Alvarez rehabbing in Bradenton
NEW YORK -- Pirates third baseman Pedro Alvarez was in Bradenton, Fla., to play an extended Spring Training game, manager Clint Hurdle said earlier on Tuesday.
Alvarez is recovering from tightness in his right quadriceps, which landed him on the 15-day disabled list on May 21. Alvarez was previously scheduled to play in a simulated game, but Hurdle said Alvarez ultimately chose not to because he wasn't comfortable.
Hurdle said that Alvarez did a number of exercises Tuesday, including taking swings and getting out of the box.
"I think we're comfortable with him getting his swing off, running down the line, maybe turning the base, and then once he gets on base, maybe having a pinch-runner and going from there," Hurdle said. "We'll see where that takes us."
Alvarez is eligible to return from the DL on Saturday. He was batting .208 with a .283 on-base percentage, two home runs and 10 RBIs before his injury.
Hanrahan locked in as Pirates' closer
NEW YORK -- If the Pirates are in line to win their first game at Citi Field, they'll look to Joel Hanrahan to close the door and snap their eight-game losing streak at the Mets' new home.
Hanrahan has enjoyed a breakout season since being named the Pirates' Opening Day closer during Spring Training.
Hanrahan became the team's closer last August, racking up six saves after Octavio Dotel was traded to the Dodgers.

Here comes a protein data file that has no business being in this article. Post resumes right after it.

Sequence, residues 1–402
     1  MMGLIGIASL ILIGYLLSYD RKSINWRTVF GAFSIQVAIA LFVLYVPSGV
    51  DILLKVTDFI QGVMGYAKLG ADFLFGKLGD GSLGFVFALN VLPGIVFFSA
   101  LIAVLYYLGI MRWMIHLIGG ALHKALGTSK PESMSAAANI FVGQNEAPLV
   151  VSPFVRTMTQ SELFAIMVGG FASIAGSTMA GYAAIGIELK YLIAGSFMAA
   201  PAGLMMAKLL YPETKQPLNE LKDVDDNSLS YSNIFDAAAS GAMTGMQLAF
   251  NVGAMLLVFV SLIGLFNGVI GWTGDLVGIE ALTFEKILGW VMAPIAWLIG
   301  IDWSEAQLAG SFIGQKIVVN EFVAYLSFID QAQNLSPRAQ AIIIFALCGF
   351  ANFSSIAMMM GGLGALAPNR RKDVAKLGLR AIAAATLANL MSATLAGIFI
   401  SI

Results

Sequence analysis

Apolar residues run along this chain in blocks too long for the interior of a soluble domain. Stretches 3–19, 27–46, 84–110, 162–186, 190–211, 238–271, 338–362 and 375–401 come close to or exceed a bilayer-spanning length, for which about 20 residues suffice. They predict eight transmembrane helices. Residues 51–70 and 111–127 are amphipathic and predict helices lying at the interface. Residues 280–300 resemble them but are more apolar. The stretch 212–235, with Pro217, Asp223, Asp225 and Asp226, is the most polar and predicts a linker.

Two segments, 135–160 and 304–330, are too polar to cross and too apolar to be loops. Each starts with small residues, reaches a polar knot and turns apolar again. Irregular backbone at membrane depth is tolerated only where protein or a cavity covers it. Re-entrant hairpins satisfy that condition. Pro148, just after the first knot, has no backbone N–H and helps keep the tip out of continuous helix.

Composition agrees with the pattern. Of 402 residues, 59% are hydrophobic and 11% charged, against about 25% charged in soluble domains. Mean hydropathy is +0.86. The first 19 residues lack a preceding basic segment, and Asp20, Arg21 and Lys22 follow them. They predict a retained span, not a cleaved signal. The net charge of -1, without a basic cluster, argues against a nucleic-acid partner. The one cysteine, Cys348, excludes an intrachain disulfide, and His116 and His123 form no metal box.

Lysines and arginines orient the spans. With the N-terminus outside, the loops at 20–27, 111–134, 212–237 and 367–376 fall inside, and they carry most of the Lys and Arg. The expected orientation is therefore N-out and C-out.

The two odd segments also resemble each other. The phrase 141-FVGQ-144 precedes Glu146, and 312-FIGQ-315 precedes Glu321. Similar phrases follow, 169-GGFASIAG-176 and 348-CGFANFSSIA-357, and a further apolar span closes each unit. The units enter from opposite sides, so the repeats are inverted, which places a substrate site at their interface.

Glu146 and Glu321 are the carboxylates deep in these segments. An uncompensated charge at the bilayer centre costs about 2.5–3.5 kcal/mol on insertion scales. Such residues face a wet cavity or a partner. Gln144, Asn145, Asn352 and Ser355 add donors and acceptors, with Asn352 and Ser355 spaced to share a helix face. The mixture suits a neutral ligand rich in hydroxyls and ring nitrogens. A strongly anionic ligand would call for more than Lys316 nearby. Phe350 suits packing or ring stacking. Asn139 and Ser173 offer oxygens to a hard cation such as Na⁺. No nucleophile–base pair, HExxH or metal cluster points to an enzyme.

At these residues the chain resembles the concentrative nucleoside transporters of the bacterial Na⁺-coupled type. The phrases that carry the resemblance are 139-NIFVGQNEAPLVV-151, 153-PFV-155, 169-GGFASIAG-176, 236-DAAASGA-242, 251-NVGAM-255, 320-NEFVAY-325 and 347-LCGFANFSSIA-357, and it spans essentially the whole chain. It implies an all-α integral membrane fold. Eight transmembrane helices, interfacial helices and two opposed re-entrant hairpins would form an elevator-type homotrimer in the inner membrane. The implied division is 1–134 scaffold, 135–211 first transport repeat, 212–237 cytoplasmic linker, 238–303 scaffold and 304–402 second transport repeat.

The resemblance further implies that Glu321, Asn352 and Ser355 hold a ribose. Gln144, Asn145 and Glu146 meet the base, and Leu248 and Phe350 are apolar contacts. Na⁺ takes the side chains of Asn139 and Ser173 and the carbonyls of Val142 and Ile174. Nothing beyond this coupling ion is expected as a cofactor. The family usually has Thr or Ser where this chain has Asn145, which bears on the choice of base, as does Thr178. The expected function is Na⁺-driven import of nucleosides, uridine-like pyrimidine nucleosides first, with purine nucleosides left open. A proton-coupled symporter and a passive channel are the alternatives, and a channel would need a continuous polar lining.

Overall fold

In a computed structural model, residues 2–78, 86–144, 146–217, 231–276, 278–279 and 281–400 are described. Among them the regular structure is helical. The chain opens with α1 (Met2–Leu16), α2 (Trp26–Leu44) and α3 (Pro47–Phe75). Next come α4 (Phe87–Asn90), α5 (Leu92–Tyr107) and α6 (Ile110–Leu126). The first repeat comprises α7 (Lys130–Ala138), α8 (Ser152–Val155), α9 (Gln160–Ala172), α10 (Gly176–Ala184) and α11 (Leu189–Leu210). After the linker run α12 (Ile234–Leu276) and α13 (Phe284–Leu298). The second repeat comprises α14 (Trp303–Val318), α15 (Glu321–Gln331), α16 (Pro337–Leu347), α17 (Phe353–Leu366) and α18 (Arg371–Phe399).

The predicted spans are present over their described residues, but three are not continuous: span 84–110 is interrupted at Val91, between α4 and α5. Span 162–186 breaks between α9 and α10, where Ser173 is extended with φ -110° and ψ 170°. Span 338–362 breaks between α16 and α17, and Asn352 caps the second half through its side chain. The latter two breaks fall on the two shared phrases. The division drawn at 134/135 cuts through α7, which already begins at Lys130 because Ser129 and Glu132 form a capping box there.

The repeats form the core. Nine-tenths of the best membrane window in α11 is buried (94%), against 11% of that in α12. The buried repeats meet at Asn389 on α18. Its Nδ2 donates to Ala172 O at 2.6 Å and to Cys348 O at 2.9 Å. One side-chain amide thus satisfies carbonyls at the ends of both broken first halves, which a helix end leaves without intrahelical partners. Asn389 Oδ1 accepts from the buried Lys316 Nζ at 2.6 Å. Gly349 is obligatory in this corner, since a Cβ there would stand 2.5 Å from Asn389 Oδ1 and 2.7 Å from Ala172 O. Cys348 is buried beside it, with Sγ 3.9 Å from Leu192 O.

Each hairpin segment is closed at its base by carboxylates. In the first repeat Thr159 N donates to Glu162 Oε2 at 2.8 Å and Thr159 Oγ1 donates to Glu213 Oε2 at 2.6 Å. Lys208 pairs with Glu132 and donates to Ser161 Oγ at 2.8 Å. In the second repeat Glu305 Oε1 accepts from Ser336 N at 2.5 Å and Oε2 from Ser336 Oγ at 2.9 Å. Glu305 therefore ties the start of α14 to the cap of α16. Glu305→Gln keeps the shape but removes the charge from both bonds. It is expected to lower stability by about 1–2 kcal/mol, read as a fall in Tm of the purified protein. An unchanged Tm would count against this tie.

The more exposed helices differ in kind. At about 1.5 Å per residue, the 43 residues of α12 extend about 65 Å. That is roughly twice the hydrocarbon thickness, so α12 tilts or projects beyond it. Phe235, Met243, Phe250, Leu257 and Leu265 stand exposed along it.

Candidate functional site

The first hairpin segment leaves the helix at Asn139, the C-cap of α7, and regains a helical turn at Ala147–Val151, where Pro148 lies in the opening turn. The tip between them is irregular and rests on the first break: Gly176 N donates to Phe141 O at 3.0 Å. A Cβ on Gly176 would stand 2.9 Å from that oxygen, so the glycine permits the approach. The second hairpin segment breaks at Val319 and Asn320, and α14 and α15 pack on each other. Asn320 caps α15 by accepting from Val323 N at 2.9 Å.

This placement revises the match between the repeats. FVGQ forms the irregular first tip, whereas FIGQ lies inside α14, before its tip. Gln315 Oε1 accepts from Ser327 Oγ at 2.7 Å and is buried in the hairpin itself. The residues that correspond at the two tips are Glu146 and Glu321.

This year, Hanrahan has converted each of his 14 save chances and has posted a career best 1.52 ERA in 23 2/3 innings.
"I just kind of worry about my business the same way," Hanrahan said. "I've really focused on working on my command overall of trying to throw strikes -- and better located strikes -- and just being more aggressive."
Hanrahan has had success this season in large part by limiting his free passes. Even though he has struck out batters at a lower rate than in his previous five years in the Majors, Hanrahan's 1.9 walks allowed per nine innings this season is by far the best mark of his career, eclipsing last year's 3.4 clip.
Though Hanrahan says he has not changed any of his mechanics this season, he thinks he's done a better job repeating his delivery.
"I haven't changed anything since I first got here in Pittsburgh," said Hanrahan, who came to the Pirates in a trade from Washington during the 2009 season. "The delivery has been the same, I've just been more consistent with it."
This is the second time in Hanrahan's career that he's been named a team's Opening Day closer, having held the role briefly with Washington in 2009 before losing it because of poor performance. While Hanranhan said he likes the security of knowing when manager Clint Hurdle will utilize him, he doesn't know if there's a "closer's mentality" that allows him to perform better in the ninth inning.
"There's definitely an adrenalin rush, but you try to do your best to harness the adrenaline and try to stay even-keeled, no matter what's going on," Hanrahan said. "I try not to get too high or too low and just try to be the same guy out there."
Aaron Taube is an associate reporter for MLB.com. This story was not subject to the approval of Major League Baseball or its clubs.